The Enchanted Owl spreads its wings
It has been fifty years since an iconic work of Inuit art was selected to celebrate the centennial of Canada’s Northwest Territories.
In 1970, Inuit artist Kenojuak Ashevak saw her piece The Enchanted Owl reproduced by Canada Post on a sixcent stamp commemorating the one hundredth anniversary of the Northwest Territories. The release marked the first time a female Inuit artist’s work had been displayed on a Canadian stamp.
Ashevak, who was born in an igloo on the southern coast of Baffin Island in 1927, is considered one of Canada’s most influential artists and a pioneer in modern Inuit art. The Enchanted Owl, a colour stonecut on laid paper, is one of her most recognized and celebrated works of art.
Ashevak became the first Inuit artist inducted into Canada’s Walk of Fame in 2001. She died at the age of eighty-five in her home in Cape Dorset, Nunavut.
The trumpeter swan is celebrated for its majestic appearance, considerable size, and graceful motions, but it wasn’t long ago that the species was close to singing its own swan song.
In the Winter 1955 edition of The Beaver, a feature article created by husband-and-wife team Richard and Lyn Harrington gave a first-hand look at the lengths to which some people in Canada and the United States were going to keep the trumpeter swan alive.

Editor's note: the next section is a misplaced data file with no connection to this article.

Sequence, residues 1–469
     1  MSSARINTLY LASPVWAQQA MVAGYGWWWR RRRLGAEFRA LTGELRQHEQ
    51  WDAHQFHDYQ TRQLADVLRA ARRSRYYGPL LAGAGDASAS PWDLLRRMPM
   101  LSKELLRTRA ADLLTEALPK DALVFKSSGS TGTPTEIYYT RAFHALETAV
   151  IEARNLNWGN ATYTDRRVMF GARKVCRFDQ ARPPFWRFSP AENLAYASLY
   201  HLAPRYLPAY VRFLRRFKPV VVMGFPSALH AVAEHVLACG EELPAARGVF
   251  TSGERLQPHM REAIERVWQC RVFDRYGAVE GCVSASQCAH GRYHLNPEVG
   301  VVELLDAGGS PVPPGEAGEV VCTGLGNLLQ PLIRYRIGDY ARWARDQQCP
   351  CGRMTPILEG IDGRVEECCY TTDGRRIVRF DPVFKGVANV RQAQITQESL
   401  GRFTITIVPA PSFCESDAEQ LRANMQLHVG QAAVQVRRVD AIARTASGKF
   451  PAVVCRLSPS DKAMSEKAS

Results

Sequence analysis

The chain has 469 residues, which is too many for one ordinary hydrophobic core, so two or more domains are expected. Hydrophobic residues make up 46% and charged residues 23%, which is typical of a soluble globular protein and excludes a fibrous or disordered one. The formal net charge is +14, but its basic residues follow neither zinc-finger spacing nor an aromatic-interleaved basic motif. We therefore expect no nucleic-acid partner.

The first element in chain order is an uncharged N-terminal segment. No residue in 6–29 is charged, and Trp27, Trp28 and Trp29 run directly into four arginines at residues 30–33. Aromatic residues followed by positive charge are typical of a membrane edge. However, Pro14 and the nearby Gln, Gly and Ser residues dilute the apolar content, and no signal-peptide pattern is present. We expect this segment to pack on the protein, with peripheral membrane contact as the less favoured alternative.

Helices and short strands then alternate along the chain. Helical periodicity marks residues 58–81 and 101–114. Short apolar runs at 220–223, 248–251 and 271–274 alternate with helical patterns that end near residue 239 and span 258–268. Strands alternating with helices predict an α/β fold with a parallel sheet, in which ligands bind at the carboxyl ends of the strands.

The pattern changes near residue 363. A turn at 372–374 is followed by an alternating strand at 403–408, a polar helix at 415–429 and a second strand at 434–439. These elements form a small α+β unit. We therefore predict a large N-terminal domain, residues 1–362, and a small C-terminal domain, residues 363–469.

The article titled “Triumph of the Trumpeter” states that for much of the early twentieth century the trumpeter swan population in North America was dwindling, and extinction seemed a foregone conclusion. By the 1950s, however, the species was making a comeback, as conservation groups beefed up efforts to keep them alive.
In the mid-1950s, Bernard Hamm held the unique title of Swan Guardian of the Alberta Peace River and worked to save trumpeter swans that settled and bred in the Grande Prairie region of Alberta. The swan standing next to him in the photo on the right might seem calm, but in actuality the bird was dead and had been stuffed so that Hamm could use it as a visual aid while giving lectures about his work. Hamm would typically watch over trumpeter swans in the region from April until late fall and would do what he could to protect the birds and their eggs.
The job didn’t come without risks, as one of Hamm’s assigned tasks was to remove infant swans from drying sloughs and get them to areas with water. But as the article states, when it comes to protecting their offspring, adult swans are “fiercely protective, and a smart blow of their powerful wings can break a man’s leg.”
Today the trumpeter swan is thriving in North America, with a population of more than sixty-three thousand birds as of 2015, according to statistics released by the Trumpeter Swan Society.
The Canada’s History Archive featuring The Beaver, Canada’s History, and Kayak was made possible with the generous support of the Hudson’s Bay Company History Foundation. Please visit CanadasHistory.ca/Archive to read a century’s worth of stories.